Any current info on snagging expiring domains?
July 23, 2011 10:16 AM   Subscribe

Does anybody have any current information about snagging an expiring domain name? I have read some articles but the information is a few years old. Specifics inside.

[my surname].com is expiring in the next couple of days. The domain currently belongs to a construction company that has changed its name in the last year. There used to be a legitimate website at that domain but now just forwards traffic to the new company website. It is likely they will not renew. I would like to get it for personal use, mostly email.

I know it will be a month or two before the domain is released and to add a little extra complication I will be without phone service and have spotty internet connection during these months. Is it still advisable to use a domain snapping service or are the backorder services of one of the big domain registry companies more reliable these days.

The name is common in a few places but not likely to be extremely commercial. I would really like to avoid a bidding situation due to my isolation in the upcoming months. I have used a backorder service before from a major registry service, and all it did was send me an email a few days after someone else bought the domain telling me it had transferred. The company the domain is currently registered at has a backorder service. Would that be the safest bet?
posted by Lovable Hooligan to Computers & Internet (3 answers total) 2 users marked this as a favorite
Call the company, offer them a couple hundred for the name. Domain squatters routinely buy expired domains, and will charge you much more.
posted by theora55 at 10:22 AM on July 23, 2011

I waited 3 years for a domain name once. I kept thinking they won't renew cause it was so close to the expiration date and it was a parked site anyway. But they usually get a 60day grace period after it expires and they usually end up renewing. I had it on back order through godaddy for two of the years. I wasn't about to pay them for it cause it was orginally mine years before they snagged it up for me, so that's the only reason I waited.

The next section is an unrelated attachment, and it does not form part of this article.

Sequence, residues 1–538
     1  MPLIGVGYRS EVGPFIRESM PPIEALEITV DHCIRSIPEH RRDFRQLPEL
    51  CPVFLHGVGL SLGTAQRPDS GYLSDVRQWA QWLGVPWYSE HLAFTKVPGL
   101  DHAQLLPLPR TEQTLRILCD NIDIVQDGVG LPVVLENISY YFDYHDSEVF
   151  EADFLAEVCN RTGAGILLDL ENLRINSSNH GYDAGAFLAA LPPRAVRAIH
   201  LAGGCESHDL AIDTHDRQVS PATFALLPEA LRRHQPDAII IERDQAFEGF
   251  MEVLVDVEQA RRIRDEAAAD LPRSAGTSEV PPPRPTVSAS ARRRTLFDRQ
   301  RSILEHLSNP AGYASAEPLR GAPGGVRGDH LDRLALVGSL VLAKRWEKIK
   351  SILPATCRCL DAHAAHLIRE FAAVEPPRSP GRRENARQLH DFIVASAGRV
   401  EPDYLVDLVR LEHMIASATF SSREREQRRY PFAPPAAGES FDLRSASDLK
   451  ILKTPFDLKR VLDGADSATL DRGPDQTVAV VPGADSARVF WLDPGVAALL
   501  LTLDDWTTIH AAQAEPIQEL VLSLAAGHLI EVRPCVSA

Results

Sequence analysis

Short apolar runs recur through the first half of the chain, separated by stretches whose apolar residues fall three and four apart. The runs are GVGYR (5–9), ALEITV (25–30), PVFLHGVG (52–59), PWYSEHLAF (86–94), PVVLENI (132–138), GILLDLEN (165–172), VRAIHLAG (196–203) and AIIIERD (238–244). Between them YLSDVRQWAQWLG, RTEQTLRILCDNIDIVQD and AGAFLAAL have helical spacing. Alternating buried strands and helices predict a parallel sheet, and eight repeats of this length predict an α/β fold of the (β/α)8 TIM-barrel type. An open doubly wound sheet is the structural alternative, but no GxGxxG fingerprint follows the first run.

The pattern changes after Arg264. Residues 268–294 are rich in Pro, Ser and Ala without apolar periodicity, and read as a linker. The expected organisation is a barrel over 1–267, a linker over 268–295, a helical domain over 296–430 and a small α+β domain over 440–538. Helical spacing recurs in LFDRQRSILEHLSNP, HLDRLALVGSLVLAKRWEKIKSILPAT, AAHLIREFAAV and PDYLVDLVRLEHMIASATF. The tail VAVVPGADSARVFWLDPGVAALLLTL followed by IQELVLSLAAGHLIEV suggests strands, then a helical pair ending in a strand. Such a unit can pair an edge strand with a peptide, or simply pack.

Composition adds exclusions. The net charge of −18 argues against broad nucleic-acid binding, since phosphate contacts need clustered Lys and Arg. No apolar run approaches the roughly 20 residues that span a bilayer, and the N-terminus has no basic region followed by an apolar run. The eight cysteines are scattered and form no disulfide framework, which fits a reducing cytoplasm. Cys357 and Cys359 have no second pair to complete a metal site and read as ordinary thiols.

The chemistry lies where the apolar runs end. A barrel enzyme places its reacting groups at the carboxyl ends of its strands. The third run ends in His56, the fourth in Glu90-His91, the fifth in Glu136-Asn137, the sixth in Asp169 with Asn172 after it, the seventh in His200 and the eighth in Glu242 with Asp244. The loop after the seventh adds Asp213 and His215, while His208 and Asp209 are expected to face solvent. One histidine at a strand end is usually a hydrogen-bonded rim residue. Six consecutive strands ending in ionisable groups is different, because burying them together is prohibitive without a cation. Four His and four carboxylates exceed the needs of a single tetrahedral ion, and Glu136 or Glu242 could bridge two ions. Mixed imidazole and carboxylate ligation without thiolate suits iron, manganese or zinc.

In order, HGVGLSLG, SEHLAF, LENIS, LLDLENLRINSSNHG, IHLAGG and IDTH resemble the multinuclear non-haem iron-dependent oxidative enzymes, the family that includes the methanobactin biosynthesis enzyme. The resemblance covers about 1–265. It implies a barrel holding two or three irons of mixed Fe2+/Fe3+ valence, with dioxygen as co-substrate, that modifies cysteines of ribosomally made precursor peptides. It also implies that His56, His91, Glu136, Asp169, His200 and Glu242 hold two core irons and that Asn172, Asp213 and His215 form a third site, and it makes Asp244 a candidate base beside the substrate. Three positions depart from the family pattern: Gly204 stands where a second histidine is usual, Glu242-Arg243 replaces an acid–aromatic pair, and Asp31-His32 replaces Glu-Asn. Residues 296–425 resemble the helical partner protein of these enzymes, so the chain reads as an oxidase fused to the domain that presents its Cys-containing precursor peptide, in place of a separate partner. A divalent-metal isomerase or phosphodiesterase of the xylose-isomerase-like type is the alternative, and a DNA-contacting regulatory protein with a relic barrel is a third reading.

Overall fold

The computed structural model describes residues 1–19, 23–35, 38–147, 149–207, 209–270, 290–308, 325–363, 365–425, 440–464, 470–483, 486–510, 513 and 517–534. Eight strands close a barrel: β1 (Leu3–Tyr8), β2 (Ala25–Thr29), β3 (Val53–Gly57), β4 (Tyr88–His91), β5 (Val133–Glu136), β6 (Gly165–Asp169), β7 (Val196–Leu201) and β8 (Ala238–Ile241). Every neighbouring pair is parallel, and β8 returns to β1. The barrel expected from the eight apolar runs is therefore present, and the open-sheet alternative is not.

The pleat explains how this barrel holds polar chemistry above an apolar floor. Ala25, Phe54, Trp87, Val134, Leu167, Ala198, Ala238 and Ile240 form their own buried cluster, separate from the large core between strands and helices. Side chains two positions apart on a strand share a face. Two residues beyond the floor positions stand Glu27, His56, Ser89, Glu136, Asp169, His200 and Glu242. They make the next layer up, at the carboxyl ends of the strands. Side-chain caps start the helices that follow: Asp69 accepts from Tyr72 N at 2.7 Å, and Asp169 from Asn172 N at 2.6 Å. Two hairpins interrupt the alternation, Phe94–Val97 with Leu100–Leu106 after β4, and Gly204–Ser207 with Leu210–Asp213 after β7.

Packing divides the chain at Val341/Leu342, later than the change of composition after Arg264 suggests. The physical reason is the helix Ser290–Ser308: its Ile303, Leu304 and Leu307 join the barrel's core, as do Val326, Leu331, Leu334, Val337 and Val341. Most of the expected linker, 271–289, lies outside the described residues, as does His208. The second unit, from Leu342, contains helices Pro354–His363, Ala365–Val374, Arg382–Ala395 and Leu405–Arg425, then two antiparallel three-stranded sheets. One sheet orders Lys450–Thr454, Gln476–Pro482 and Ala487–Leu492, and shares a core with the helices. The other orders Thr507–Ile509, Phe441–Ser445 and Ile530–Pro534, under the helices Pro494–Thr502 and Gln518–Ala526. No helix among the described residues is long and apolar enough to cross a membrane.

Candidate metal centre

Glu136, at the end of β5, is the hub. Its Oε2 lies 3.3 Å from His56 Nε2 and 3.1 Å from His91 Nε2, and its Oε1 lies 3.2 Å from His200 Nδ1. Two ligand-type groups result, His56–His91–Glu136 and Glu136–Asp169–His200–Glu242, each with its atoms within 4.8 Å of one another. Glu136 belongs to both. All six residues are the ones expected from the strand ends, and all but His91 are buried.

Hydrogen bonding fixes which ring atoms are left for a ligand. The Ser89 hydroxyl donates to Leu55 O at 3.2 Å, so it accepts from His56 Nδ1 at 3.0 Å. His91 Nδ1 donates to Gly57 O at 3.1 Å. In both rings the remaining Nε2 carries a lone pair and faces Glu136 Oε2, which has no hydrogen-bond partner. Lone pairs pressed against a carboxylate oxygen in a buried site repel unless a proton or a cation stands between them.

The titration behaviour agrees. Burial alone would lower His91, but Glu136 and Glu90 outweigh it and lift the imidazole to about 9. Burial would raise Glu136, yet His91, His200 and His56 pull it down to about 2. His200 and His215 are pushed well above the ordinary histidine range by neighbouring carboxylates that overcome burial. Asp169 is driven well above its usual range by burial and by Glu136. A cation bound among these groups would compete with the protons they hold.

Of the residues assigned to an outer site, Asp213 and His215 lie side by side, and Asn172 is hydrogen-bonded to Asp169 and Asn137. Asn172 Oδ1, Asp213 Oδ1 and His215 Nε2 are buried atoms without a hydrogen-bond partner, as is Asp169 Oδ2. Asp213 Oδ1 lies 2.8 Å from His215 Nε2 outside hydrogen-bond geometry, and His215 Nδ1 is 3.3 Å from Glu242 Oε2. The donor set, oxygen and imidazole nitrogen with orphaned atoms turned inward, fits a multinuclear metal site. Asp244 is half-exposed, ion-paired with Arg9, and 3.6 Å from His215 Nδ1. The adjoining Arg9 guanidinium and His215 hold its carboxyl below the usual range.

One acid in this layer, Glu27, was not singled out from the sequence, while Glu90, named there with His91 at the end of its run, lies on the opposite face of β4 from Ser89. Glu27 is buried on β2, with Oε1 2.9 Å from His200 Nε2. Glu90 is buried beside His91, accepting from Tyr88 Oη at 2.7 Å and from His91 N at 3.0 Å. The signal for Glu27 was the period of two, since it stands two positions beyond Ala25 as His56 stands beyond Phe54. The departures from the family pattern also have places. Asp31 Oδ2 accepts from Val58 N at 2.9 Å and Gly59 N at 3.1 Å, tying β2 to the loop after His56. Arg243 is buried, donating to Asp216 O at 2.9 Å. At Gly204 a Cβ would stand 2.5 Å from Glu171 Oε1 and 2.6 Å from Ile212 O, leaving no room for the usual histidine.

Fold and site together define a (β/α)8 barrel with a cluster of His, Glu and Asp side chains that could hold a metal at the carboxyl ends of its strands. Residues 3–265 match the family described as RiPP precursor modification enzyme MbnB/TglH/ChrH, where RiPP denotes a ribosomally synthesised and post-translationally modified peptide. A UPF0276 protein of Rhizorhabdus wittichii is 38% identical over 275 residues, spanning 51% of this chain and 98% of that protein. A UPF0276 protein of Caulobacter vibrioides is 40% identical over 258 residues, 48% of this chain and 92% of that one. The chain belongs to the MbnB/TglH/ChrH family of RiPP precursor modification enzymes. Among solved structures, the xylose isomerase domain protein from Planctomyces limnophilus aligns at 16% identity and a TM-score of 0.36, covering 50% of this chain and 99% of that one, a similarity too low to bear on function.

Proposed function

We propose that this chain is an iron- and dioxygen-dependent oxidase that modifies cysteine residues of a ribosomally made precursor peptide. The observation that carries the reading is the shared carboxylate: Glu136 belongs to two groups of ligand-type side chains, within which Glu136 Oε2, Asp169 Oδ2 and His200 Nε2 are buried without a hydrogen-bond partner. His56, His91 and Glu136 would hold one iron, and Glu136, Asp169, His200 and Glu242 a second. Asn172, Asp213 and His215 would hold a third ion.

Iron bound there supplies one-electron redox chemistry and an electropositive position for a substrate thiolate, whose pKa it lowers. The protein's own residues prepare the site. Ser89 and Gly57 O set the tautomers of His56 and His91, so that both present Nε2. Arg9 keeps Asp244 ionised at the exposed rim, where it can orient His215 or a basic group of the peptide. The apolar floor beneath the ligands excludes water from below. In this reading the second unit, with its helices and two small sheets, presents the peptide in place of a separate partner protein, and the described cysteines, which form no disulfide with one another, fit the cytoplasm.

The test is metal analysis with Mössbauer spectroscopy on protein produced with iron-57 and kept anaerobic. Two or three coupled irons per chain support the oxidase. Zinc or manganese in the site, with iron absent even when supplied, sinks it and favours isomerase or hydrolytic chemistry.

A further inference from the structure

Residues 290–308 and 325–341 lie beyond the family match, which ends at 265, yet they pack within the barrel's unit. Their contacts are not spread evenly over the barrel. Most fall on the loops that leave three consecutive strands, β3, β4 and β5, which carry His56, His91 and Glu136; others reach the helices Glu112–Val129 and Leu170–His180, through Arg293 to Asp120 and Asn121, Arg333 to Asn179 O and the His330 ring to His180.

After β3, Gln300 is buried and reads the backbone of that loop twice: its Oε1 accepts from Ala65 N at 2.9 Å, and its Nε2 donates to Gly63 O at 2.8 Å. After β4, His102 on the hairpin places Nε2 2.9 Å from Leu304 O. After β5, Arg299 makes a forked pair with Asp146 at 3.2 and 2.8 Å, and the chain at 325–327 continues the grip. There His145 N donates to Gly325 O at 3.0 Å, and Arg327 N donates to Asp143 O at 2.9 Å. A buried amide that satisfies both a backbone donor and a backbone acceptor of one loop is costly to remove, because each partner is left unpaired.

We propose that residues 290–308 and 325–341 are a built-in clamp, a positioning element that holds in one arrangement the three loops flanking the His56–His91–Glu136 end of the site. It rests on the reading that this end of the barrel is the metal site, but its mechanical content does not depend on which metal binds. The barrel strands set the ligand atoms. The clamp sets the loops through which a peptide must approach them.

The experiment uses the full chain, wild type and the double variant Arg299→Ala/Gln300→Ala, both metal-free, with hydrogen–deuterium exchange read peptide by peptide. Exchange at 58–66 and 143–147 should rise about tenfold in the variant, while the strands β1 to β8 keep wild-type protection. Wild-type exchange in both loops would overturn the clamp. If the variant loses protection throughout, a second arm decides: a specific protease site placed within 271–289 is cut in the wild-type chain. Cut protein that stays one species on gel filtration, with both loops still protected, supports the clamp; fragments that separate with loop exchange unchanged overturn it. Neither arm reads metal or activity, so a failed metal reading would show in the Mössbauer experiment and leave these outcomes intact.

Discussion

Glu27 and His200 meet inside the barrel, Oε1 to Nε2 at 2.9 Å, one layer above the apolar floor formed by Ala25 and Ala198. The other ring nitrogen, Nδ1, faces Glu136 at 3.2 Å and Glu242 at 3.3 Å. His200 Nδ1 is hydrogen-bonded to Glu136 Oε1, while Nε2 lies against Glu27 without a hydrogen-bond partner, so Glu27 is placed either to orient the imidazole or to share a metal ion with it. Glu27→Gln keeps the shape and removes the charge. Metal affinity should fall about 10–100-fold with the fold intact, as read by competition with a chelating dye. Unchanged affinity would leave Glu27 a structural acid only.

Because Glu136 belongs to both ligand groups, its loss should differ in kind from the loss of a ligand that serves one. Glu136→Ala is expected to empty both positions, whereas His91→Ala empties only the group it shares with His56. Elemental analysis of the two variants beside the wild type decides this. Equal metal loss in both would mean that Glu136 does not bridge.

On another instance I managed a site for a local restaurant, but the domain was in the general manager's name. he passed away a few months after I handed the site over to him. The owner of the restaurant wanted to me make some updates but I had no way into the site and neither did the owner. I even got the widow to try and talk to the hosting company since she was executor of his estate and everything but since we didn't have his orginal phone number active, creditcard, or email, there was no way to get access. They pretty much said we had to wait until it expired. The last option was to file a complaint, saying none of the info on the site was correct, such as phone or email and if they could not verify the info then they have the option to release the domain to the public. It was the most promising option but she eventually she told me all her kids names and we found one that worked for the password and the rest is history.
posted by udon at 11:30 AM on July 23, 2011

Many established businesses will keep old domain names forever. Mostly to ensure that they continue getting the traffic and emails from anybody who'd bookmarked their old domain names, but also to prevent their competitors from grabbing hold of their old identities.

I encourage asking the construction company if you can buy their old domain name, and make your reasons why clear. They will probably want to keep the domain name, but you might have a shot if you offer money and make a reasonable case for it.
posted by ardgedee at 6:29 AM on July 24, 2011

« Older Building bathroom, need store recommendations in...   |   Translation rights Newer »
This thread is closed to new comments.